- Enhance academic excellence: New classrooms in the current Student Activities Center building, proposed renovations to Deming Fine Arts Center, and the construction or acquisition of a performing arts center expand academic space and offer specialized work and showcase areas.
- Unite and enrich our community: Campus entrances are more visible and accessible, inviting community participation in college events. The centerpiece of the plan is a student activities core, anchored by a sizeable campus green, a multi-purpose student activities center, and an addition at the back of Hunt Dining Hall, which provide space for gathering and interaction. Read more about the projects in the student life core below.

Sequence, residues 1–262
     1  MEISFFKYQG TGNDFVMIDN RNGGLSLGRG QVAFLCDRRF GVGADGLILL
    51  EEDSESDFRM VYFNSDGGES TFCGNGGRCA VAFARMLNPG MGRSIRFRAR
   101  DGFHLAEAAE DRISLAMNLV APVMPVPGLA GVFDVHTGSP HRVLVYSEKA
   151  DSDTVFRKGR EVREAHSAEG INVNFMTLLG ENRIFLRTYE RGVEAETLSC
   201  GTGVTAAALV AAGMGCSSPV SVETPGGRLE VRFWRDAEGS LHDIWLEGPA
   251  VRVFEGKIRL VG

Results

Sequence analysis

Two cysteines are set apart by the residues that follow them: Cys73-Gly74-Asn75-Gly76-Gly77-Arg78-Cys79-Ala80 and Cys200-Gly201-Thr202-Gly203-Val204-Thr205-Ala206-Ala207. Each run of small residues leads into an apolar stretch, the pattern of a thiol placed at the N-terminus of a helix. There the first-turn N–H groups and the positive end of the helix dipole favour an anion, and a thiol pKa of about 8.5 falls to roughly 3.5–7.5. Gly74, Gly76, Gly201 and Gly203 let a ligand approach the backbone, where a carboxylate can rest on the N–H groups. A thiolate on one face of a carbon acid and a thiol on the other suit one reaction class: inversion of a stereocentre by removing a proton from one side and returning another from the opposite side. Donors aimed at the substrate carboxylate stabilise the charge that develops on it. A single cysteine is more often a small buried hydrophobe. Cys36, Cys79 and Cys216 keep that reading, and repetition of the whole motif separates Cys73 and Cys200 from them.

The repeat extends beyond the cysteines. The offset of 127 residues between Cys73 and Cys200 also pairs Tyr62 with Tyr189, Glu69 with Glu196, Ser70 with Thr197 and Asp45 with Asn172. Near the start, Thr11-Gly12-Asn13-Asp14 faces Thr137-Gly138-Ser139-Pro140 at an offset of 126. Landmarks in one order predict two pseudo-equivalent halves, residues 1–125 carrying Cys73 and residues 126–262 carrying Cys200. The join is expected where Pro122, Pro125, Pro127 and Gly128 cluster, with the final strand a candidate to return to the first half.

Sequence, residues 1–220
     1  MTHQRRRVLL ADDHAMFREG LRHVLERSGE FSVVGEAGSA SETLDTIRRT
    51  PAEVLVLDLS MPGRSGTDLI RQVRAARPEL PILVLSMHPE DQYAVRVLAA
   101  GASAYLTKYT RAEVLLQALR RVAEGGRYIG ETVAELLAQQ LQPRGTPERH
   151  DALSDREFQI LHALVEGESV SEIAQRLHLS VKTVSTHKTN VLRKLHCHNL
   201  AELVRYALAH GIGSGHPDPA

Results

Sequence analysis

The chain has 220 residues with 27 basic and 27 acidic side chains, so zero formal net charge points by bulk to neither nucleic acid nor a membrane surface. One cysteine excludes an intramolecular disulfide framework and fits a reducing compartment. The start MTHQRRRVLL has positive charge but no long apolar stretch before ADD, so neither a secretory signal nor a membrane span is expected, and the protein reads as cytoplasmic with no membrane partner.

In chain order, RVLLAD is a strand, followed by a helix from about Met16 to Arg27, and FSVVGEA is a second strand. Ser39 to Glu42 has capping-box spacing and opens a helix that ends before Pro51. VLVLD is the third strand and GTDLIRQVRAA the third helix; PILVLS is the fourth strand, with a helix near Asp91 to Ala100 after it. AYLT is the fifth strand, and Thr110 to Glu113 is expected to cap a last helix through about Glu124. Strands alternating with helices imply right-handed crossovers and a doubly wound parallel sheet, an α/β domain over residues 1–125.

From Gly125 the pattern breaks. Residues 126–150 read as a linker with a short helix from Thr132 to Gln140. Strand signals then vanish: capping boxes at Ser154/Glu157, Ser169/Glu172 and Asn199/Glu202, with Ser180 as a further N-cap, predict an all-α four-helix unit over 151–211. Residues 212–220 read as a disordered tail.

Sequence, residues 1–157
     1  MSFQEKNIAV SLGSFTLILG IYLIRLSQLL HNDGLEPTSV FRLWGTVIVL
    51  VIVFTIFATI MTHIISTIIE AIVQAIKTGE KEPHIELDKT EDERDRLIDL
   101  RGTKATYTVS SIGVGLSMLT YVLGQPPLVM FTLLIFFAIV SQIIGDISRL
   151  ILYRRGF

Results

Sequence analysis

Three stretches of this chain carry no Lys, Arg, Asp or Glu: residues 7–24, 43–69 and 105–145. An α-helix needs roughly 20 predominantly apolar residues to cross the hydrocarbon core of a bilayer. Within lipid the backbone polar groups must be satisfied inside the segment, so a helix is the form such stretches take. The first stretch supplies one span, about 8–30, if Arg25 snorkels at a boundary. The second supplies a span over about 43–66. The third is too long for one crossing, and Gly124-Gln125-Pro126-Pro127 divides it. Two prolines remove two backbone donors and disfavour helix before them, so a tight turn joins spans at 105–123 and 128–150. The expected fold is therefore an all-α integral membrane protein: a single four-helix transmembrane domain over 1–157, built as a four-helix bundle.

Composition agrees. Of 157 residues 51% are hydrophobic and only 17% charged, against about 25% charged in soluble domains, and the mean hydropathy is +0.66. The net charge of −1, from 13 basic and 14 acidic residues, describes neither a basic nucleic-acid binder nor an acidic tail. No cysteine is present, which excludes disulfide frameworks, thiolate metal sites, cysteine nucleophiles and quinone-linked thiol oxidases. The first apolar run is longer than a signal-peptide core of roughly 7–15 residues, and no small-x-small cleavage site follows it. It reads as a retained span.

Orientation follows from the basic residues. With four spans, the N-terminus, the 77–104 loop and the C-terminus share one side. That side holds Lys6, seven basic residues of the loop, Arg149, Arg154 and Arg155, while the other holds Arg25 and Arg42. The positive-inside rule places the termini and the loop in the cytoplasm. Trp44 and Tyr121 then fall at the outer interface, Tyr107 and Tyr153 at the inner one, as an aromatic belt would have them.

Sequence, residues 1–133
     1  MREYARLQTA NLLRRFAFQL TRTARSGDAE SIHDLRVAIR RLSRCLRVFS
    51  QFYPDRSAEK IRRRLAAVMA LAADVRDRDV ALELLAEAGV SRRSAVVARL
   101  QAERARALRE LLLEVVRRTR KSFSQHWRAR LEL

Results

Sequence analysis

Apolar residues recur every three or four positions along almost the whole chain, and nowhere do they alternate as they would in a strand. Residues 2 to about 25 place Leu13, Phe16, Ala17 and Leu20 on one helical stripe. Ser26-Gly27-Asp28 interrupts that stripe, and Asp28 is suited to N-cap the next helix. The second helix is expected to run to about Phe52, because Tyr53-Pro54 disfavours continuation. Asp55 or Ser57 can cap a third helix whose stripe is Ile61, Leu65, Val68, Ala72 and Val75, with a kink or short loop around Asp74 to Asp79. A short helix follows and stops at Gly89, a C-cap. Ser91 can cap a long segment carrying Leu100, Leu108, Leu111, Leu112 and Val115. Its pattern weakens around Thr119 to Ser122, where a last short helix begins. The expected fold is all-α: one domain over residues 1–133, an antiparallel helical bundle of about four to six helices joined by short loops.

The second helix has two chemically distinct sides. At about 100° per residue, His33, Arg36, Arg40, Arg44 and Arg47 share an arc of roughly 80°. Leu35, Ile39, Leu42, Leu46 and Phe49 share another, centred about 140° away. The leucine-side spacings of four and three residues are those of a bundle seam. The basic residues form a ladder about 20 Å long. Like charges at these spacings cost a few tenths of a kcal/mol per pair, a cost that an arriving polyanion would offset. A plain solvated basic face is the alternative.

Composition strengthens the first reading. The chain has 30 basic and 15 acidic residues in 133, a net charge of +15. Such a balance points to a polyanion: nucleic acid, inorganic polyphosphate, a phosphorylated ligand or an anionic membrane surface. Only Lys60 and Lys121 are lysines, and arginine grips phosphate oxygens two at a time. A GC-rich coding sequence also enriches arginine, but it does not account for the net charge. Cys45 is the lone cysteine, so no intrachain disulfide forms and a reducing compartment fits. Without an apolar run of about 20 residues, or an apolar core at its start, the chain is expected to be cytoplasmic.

- Fund our future: Outstanding facilities and campus environment are of vital importance to help fulfill the defining measures of success in the strategic plan — to recruit selectively and retain extensively. The visionary concepts in this plan will also enable the college to attract financial support to secure its future.